“My direction from [CMS Administrator] Marilyn Tavenner was to deliver a system on Oct. 1,” Chao said, and a system was indeed delivered Oct. 1, although he was not prepared to defend its performance at launch.
The hearing was convened to discuss HealthCare.gov’s possible security risks. The committee heard testimony from several security experts who are not affiliated with HealthCare.gov about possible points of vulnerability. The firm TrustedSec pointed out several ways bad actors could use spoofing to redirect users to sites designed to look like HealthCare.gov in order to compromise their personal information.
Chao said that despite concerns about the lack of end-to-end security testing of the site, the pieces of the system that went live Oct. 1 met federal security standards, and the patches being made under the ongoing “tech surge” were subject to testing as well.
The overall system was subject to monitoring for intrusions, breaches and security flaws. “As of today,” Chao said, “no vulnerabilities identified by our testing have been exploited by an attack.”
His upbeat assessment of the system’s security was backed up by a second panel of witnesses that included security contractors and testers who said the site was being protected and monitored at standards beyond what is required under federal law.
The seeming gap between incomplete security control assessments and the temporary authority to operate granted to the marketplace where consumers shop for insurance reveals how much of the system has yet to be built or go online. Chao said 30 percent to 40 percent of the site has yet to be completed. For instance, the financial management system is due to be released in December, but it is not finished and has not been subjected to security testing.
CMS spokesperson Julie Bataille said that piece of the site processes payments to carriers and does not affect how individuals make payments. Those backend tools are not essential until mid-January of next year, she added.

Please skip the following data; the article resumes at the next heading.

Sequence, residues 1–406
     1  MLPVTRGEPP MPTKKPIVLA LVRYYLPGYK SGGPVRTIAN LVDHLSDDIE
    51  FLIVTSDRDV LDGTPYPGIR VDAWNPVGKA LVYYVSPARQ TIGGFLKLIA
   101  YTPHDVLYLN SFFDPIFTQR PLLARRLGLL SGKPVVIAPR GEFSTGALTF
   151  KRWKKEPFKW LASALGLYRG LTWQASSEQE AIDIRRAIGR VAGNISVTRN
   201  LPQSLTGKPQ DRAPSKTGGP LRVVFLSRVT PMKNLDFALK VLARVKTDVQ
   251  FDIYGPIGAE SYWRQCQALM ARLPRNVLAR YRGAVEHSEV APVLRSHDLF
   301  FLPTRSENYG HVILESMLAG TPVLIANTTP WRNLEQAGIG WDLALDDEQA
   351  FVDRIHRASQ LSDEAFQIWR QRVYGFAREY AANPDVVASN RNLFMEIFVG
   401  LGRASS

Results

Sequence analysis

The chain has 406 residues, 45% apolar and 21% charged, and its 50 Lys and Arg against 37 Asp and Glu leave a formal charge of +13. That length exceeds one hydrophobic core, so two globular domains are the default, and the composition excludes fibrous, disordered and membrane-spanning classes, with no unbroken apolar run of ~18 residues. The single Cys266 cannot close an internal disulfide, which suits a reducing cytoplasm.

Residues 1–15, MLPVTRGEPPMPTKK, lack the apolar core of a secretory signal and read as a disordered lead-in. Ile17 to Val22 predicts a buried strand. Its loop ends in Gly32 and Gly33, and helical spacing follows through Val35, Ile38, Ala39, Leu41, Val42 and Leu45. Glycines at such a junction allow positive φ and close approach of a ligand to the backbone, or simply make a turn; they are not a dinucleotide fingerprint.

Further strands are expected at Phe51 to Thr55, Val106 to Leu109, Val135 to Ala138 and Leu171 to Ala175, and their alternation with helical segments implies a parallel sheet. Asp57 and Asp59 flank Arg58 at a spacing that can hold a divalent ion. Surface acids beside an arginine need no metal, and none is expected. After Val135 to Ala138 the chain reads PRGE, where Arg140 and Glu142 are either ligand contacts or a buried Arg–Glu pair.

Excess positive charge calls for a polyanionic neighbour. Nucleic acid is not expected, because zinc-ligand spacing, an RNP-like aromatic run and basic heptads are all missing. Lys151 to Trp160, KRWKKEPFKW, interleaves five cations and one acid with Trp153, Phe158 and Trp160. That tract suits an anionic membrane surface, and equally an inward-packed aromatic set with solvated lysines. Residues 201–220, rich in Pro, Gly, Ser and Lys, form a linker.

The marketplace is a key part of the overall system. It reconciles enrollment reports with insurance carriers, handles premium processing, assesses and collects carriers’ fees, and pays the premium subsidies for qualified insurance customers. McKinsey’s report identified the financial management system as a potential trouble spot because of limited testing and resources and the heavy emphasis being placed on enrollment.
Chao, a team of contractors led by Quality Software Services Inc. and the tech surge effort spearheaded by former Obama administration official Jeff Zients are working to fix HealthCare.gov so that it operates smoothly for about 80 percent of users by the end of November.
In a call with reporters, Zients said the tech surge has made measurable progress in fixing the site. Error rates for users are down to about 1 percent, and the site is able to support an increasing volume of users. The team has completed about 200 items from its list of fixes and is turning its attention this week to 50 additional updates and improvements.
“I think that’s an attainable goal given what I’ve seen so far,” Chao said of the Nov. 30 deadline, but added that he could give no guarantees that the goal would be met.